Saturday, May 26, 2012

Our Daily Bread: Inspiration For All Seasons

May 26-June 1

I wrote this in 2005. This is the first publication

A story is told about a thirteen-year old boy who was dying. On his deathbed he gave Charles a sheaf of papers filled with writings on both sides. “I want you to give this to my mom and dad,” he said. “It’s a list of all the fun we had, all the times we laughed.”
            Years went by. Then one day, Charles tried to do his own ‘joy list’ but faced a blank wall. Dave McCasland continues, “But as he began looking each day for the moments of laughter, satisfaction and joy, his list began to grow.”

            That was just one of the hundreds of stories in the 2005 Our Daily Bread. Year after year, this book continues to move, comfort, nourish and renew the lives of thousands. Another illustration of the joy of spreading God’s word is the tale of the famed violinist Fritz Kreisler. He kept giving away all his earnings so that when he beheld the most beautiful violin he ever saw, was too broke too buy it. It took him quite some time to come up with enough money to buy it but by then, a collector had already beaten him to it. He was crestfallen when the collector refused to sell it to him. Then he asked impulsively, “Could I play the instrument once more before it is confined to silence?”

            The collector agreed, and felt an inexplicable happiness upon hearing the sweet music that filled his house. “I have no right to keep that to myself!” he cried. “It’s yours Mr. Kreisler! Take it to the world and let people hear it!”

            Our Daily Bread is brimming with inspiring prose and poetry celebrating Christ’s wonders in transforming lives. “Never in the history of mankind have so many owed so much to one Man!” as Richard De Haan eloquently proclaims. The evangelist Henry Moorhouse shares with us this priceless insight. “I once bought a typewriter that was shipped mistakenly to another man named Henry Moorhouse at a different address. If John 3:16 had said that God loved Henry Moorhouse, I could have thought it meant the other Henry Moorhouse. But since it says whoever, there can be no mistakes.”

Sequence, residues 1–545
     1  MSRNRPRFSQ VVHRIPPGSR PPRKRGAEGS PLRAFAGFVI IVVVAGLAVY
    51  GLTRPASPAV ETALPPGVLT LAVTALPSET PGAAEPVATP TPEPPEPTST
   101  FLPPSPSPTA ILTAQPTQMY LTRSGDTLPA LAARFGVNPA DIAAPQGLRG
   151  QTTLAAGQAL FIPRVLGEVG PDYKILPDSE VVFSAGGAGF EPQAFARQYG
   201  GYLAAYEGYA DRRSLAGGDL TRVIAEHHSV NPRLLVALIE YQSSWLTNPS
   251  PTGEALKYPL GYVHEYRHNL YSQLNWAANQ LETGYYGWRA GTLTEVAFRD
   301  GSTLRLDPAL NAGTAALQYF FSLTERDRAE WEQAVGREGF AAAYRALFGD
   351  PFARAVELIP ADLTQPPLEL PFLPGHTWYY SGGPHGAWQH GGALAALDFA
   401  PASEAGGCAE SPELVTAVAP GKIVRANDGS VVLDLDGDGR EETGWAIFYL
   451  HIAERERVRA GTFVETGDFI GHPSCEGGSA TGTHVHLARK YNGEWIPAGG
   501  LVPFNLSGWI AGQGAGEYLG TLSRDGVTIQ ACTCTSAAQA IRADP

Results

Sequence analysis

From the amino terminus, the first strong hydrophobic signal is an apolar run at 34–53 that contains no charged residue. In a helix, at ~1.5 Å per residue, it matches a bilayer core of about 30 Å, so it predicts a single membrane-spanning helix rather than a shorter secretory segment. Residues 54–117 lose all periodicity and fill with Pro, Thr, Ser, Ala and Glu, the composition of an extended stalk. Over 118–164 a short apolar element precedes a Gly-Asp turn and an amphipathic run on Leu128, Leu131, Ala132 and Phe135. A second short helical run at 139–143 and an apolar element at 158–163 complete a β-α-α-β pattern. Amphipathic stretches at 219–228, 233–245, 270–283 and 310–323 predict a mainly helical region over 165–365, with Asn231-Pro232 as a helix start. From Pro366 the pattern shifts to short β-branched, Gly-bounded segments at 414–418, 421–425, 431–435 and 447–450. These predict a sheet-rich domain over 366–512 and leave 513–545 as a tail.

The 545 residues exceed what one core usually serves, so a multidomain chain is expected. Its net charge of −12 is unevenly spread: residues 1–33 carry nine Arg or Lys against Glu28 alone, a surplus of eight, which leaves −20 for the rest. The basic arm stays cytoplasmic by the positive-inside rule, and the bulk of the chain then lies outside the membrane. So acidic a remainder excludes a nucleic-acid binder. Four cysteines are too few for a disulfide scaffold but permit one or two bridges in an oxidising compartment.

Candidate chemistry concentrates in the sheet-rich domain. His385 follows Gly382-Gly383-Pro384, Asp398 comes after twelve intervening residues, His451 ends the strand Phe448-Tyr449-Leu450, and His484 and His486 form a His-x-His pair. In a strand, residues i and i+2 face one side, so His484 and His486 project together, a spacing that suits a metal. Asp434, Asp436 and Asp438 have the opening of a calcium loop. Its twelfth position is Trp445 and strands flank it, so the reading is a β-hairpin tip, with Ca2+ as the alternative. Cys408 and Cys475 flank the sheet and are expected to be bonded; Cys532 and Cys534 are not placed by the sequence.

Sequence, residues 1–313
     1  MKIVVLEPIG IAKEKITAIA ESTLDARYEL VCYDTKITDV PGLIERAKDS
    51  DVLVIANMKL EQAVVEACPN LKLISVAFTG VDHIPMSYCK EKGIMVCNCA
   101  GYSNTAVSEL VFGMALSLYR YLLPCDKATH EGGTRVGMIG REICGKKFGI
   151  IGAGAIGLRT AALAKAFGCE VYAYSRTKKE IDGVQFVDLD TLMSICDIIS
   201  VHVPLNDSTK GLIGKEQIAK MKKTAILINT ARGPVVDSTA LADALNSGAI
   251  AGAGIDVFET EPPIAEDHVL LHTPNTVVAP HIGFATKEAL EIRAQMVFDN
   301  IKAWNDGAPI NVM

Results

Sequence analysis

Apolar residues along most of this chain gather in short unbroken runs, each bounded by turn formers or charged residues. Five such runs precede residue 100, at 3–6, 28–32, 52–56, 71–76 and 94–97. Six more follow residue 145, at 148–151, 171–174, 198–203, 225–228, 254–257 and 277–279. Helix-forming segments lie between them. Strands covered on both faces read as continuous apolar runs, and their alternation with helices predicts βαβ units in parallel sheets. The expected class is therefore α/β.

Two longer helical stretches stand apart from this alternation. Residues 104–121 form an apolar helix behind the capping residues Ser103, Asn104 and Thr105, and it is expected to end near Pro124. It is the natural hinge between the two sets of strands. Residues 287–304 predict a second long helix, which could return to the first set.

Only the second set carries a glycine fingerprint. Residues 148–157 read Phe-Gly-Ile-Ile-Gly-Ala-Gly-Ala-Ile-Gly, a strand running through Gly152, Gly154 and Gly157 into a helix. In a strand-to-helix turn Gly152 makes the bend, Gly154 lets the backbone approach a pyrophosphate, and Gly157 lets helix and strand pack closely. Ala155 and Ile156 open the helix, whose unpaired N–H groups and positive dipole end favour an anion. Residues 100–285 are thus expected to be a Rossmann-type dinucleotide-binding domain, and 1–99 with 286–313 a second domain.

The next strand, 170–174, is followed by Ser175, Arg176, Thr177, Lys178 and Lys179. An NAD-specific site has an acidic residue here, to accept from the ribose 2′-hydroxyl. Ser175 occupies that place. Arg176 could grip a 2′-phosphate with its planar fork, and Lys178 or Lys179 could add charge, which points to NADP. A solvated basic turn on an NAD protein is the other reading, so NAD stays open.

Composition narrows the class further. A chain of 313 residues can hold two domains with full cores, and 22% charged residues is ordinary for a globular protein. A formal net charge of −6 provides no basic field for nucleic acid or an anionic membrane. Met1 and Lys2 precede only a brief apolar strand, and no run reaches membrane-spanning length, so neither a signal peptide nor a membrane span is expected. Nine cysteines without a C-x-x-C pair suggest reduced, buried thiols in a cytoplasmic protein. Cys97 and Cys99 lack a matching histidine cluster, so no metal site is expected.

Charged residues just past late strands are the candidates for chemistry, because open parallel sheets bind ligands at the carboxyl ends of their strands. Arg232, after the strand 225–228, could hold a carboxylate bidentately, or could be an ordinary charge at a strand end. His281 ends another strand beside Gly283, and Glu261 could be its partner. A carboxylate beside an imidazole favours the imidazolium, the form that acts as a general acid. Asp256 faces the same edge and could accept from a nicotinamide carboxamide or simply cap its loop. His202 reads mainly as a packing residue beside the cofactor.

Some people have deliberately avoided this book and other works of similar nature under the erroneous assumption that it is exclusively for Born-Again folks. A broadened perspective would refute this of course. Christianity is essentially a covenanting process with the teachings of Jesus Christ and the timeless wisdom of the Scriptures. Whether one is a Catholic, Adventist, Baptist, Jehovah’s Witness or belonging to any denomination within the matrix of Christendom, one’s beliefs and aspirations revolves around the spiritual union with the word made flesh who died and resurrected to save mankind. This central focus subsumes parochial differences in doctrines and dogmas, providing an outlook that is worthy for one who worships an omnipotent, omnipresent and omniscient Creator who dwells in the realm of the infinite.

            Salvation – like Love, compassion, Hope, Perserverance, Forgiveness, Humility and all the eternal truths – knows no limits. Dave Egner illustrates this with the story about a wise Cherokee Indian chief imparting the lessons of life to his grandson. “It’s like we have two wolves inside of us. One is good, the other is bad. Both demand our obedience.”

            The boy asked, “Which one wins?”

            The chief said, “The one we feed.”

            It is easier to become a congressman than a true Christian. That ‘God works in mysterious ways’ has become an all-purpose cliché, a maxim taken for granted the meaning of which remaining unknown, ignored, or made to fit self-serving perceptions. A complete surrender to Jesus demands more purifying sacrifices anyone can ever imagine – but at the same time being filled with an inexplicable sense of joy and ‘peace beyond understanding’. Herb Vander Lugt tells about a young scholar named William Craig Lane. Lane recalled the turning point of his life: “I came to the end of my rope and cried out to God. I cried out all the bitterness and anger that was within me – and felt this tremendous infusion of joy, and God became at the moment a living reality in my life – a reality that has never left me.”

            Few things are more powerful than a personal testimony. Dave Brannon’s 17 year-old daughter Melissa died, and despite having fallen in the abyss of pain and suffering, he was still able to witness: “God’s unfathomable plan for the universe and His redemptive work continue, and we must honor our loved ones by holding on to His hands. We don’t understand, but we must still trust God as we await the great reunion He has planned for us.” 1 Thessalonians says it all: “The Lord Himself will descend from heaven with a shout…And the dead in Christ will rise first.”